There are two things that I got out of the readings and it has to do with the purpose of AI generally. AI has had a long and interesting history with many great minds (who I would have loved to meet and talk to) attempting to push forward the design and progress of code and the idea of artificial intelligence. What is interesting to me is that there is this split where we are trying to imitate people and trying to solve problems at the same time.
I think the explanation by Wooldridge of the Immitation Game used by Turing is a prime example of this conflict. Is the purpose to imitate or embody as these are two very different tasks. It’s like teaching a system how to beat someone in Chess or Go, we give them the system the rules but what is best will be determined by the computer and not necessarily the operator. This is why computers can leverage their data to solve problems in a different way, as AlphaGo solved this problem by analyzing final board states which would be meaningless to individuals for the most part.
This also brought me to wanting to understand the ways we attempt to make AI through different approaches explained by Bolden. Each of those systems would work perfectly for a specialize AI system as it works in a format that is conditional and two dimensional, especially considering we expect such a high success rate from these programs. I can tell you from having a psychological background, people make are prone to making mistakes all the time but we manage because there are consequences to when we get things wrong. A computer is agnostic to the right and wrong process as there is no programmed “suffering”. People and animals are machines meant to do the ambiguous goal of survive to propagate (as poised by Richard Dawkins). I wonder if we were to create a computer using these unsupervised methods and give it an ambiguous goal, positive and negative inputs, and needs if they also would be a full “human” by the time they are around 18-25 years old.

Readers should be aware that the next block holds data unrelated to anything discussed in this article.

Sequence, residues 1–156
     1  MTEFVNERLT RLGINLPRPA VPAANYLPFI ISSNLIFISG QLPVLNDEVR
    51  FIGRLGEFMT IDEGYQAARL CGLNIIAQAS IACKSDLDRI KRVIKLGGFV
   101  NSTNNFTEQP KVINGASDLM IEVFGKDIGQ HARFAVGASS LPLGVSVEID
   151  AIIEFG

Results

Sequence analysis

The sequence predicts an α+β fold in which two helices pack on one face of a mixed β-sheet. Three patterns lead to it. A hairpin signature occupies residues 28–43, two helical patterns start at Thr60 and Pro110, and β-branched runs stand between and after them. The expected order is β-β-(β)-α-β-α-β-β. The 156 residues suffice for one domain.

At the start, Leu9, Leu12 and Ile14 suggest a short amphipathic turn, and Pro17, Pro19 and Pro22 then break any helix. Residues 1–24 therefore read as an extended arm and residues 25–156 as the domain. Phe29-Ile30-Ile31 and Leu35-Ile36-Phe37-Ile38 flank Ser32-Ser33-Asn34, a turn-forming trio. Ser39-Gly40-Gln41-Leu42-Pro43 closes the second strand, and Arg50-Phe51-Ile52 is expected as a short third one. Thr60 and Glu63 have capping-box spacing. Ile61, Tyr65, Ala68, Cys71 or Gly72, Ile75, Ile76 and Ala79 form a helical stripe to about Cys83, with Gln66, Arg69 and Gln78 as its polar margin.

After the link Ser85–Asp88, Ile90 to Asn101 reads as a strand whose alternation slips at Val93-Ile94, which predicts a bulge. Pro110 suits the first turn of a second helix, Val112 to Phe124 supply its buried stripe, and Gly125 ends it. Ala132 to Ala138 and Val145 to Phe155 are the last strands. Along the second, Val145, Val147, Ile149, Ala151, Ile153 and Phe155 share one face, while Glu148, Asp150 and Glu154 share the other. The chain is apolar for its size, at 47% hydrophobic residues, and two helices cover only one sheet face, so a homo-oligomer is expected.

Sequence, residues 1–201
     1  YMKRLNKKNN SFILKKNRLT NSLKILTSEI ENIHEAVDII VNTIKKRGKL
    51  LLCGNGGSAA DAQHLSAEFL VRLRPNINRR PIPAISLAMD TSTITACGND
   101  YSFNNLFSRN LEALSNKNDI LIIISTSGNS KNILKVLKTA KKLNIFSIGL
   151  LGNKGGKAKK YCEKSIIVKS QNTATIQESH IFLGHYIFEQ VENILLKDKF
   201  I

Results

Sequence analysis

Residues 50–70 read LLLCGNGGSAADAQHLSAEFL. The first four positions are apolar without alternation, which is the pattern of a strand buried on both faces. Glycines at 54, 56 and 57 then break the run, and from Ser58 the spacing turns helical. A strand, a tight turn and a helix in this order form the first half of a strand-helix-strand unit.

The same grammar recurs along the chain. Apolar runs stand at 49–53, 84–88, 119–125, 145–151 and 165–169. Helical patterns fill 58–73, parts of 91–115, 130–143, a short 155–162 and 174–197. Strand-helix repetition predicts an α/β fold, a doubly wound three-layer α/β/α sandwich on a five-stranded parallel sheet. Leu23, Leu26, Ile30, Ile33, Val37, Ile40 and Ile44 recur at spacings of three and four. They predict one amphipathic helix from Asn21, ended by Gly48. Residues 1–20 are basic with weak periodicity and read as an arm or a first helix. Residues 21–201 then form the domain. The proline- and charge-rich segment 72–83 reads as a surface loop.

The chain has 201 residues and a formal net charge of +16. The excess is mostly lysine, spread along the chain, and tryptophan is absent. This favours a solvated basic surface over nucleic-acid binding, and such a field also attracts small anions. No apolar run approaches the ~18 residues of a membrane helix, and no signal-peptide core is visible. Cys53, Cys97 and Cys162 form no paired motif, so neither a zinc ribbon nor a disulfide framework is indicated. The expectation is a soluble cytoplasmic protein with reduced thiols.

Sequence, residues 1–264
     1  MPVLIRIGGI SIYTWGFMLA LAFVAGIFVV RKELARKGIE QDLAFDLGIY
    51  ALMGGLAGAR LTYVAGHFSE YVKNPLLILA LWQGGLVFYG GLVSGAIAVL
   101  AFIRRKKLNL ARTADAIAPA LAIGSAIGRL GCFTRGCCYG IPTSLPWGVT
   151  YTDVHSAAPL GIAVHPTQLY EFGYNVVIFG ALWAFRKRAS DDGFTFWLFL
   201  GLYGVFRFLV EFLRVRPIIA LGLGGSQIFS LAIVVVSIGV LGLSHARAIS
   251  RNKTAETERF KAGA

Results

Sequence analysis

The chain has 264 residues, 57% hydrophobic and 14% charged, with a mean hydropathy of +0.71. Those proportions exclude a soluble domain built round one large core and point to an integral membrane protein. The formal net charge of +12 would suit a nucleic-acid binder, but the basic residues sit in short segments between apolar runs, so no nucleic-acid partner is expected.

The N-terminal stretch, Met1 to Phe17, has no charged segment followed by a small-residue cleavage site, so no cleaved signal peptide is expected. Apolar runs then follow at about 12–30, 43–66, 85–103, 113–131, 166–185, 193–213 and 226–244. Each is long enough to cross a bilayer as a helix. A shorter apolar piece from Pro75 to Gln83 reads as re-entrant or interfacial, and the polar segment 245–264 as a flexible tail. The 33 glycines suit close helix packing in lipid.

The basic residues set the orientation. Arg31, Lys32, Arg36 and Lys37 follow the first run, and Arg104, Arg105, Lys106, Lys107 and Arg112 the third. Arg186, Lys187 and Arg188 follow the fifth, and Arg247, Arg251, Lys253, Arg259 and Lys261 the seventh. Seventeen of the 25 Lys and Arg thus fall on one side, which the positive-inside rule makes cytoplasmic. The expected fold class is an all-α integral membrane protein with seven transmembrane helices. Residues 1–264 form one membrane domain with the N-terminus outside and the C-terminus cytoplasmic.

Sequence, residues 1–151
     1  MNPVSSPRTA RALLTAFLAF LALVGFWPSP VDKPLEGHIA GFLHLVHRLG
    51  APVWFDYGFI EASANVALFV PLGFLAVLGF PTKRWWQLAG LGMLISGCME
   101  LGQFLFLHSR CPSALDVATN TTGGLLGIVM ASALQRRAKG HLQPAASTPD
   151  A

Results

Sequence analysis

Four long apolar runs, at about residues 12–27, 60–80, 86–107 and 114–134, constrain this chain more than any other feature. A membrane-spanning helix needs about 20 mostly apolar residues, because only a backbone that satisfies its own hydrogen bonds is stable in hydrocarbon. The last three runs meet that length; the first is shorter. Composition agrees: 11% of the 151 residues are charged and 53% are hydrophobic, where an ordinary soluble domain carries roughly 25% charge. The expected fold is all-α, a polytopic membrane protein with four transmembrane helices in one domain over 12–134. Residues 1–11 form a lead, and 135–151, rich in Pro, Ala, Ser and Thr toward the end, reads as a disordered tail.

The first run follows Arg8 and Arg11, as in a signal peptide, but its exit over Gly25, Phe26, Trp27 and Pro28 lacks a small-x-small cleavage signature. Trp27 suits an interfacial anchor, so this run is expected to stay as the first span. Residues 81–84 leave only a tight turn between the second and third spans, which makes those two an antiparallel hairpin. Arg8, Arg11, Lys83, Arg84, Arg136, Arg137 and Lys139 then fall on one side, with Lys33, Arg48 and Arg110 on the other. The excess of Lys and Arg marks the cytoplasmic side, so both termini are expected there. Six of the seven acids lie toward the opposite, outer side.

Would making stimulus meaningful to AI make them better or worse at solving problems? If AI knew what an apple is as we know what an apple is would they improve?
Would forgoing the idea of trying to make computers like humans actually be more beneficial?